Native American Oral Traditions

A group of seven intercultural authors (Native American and non-Native American scholars), have worked together to produce Native American Oral Traditions: Collaboration and Interpretation. Their goal was to have academics and Native peoples truly work together to discover the breadth of meaning found within the original texts. The traditions and Native American texts included in this text are from the American West. They cover the Yupik from the Arctic down to the Yaqui, who lived in the Sonoran Desert.

A secondary goal of this text is to provide models for other similar collaborations between scholars and Native peoples.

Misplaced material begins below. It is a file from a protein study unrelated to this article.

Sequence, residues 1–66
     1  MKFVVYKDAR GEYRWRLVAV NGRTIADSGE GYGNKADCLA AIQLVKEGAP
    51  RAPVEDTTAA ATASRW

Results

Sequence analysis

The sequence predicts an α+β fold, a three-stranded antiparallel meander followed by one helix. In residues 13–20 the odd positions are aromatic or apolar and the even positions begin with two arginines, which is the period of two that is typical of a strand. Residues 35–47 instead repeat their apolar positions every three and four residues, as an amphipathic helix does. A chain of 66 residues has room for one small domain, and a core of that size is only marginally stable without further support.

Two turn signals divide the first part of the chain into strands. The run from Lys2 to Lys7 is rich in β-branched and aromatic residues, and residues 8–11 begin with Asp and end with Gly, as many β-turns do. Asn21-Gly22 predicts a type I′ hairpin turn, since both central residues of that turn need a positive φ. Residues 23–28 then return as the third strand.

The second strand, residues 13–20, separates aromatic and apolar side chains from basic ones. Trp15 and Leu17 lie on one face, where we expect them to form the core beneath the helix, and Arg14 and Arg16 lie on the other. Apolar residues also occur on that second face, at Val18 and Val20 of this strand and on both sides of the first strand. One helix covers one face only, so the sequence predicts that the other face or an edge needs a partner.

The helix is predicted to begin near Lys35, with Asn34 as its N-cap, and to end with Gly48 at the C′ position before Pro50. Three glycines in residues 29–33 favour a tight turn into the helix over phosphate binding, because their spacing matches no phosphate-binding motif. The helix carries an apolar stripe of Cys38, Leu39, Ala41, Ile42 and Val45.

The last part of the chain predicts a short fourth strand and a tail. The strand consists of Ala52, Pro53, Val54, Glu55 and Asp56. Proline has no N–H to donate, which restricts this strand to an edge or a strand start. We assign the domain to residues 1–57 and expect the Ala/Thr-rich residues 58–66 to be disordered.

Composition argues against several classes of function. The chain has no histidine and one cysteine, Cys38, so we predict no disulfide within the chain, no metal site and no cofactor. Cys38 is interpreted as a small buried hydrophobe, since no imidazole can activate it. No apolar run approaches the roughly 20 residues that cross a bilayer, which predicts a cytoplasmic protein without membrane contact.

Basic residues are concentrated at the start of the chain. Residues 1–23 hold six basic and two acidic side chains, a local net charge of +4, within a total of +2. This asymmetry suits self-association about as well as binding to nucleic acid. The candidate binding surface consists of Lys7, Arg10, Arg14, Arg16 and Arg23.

A work like this obviously has a number of authors. Larry Evers and Barre Toelken edited the work. Toelken is a English and history professor at Utah State University and is the director of their Folklore Program. He has also been studying Navajo oral traditions for over 40 years. Evers is head of the English Department at the University of Arizona.

The text is available as a PDF file or a printed copy can be purchased from University Press of Colorado.

Table of Contents for Native American Oral Traditions

“Like this it stays in your hands”
Collaboration and Ethnopoetics
Tracking “Yuwaan Gagéets”
A Russian Fairy Tale in Tlingit Oral Tradition
Reading Martha Lamont’s Crow Story Today
Collaborative Sociolinguistic Research among the Tohono O’odham
“Wu-ches-erik (Loon Woman) and Ori-aswe (Wildcat)”
Coyote and the Strawberries
Cultural Drama and Intercultural Collaboration
“There Are No More Words to the Story”
About the Authors

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Native American Oral Traditions

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